And in the case of an alien applying for a nonimmigrant health care worker visa abroad, the health care worker certification will be required at the time of filing of the application for nonimmigrant health care worker visa with the appropriate U.S. Consular Post .


For Immigrant Health Care Workers:


A.  For Those Outside The

      United States:


            The employer’s Form I-140, Immigrant Petition For Alien Worker, can be filed with the appropriate Service Center (California Service Center for California-based employers) with supporting documentation, even though the alien health care worker outside of the United States does not have the health care worker certification.

            But at the time of application for immigrant visa and interview and issuance thereof, the alien health care worker will be required to present the health care worker certification, for the immigrant’s visa to be issued at the U.S. Consular Post.


B.  For Those In The

      United States:


            An alien health care worker may be eligible to adjust to lawful permanent resident status here in the United States, if he or she has not overstayed, or incurred unlawful presence.

            But even if he or she has overstayed or has incurred unlawful presence, Section 245(i) of the Immigration and Nationality Act may allow him or her to adjust here, if he or she is grandfathered by the filing of an application for labor certification or a family petition (I-130) on or before April 30, 2001.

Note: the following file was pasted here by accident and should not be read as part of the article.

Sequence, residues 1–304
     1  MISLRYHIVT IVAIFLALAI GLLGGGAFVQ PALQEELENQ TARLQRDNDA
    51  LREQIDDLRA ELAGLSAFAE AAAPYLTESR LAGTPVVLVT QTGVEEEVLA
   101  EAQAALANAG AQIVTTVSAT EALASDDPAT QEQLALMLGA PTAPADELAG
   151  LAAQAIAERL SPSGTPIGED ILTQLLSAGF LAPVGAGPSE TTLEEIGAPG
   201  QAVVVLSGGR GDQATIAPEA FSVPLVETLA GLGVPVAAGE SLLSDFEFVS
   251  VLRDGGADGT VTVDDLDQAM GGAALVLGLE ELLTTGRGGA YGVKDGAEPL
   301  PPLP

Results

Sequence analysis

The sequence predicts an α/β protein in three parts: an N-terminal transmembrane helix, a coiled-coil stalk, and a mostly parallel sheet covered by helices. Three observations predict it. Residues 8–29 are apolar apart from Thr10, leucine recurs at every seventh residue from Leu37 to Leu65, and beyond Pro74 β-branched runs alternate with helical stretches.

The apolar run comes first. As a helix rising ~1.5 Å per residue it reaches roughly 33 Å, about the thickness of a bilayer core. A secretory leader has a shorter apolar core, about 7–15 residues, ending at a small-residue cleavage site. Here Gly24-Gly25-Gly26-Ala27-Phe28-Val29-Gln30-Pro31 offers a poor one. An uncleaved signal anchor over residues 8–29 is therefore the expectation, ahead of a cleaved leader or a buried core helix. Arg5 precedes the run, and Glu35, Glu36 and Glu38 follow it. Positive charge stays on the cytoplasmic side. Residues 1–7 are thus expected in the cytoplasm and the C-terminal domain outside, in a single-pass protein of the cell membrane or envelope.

And Section 245(k) of the same Act allows priority workers, professionals with advanced degrees etc., and skilled workers and professionals and other workers, such as health care workers, who are eligible to receive immigrant visas, to adjust status here, if -


“1.   the alien, on the date of filing an application for adjustment of status, is present in the United States pursuant to a lawful admission;

 2.   the alien, subsequent to such lawful admission has not, for an aggregate period exceeding 180 days


(A)   failed to maintain, continuously, a lawful status;

(B)   engaged in unauthorized employment; or

(C)   otherwise violated the terms and conditions of the alien’s admission.”


            Thus, health care workers, such as registered nurses and physical therapists and others are given by Section 245(k) of the Act an extra six-month period from expiration of authorized stay to adjust status in the United States, if their immigrant’s visas are immediately available.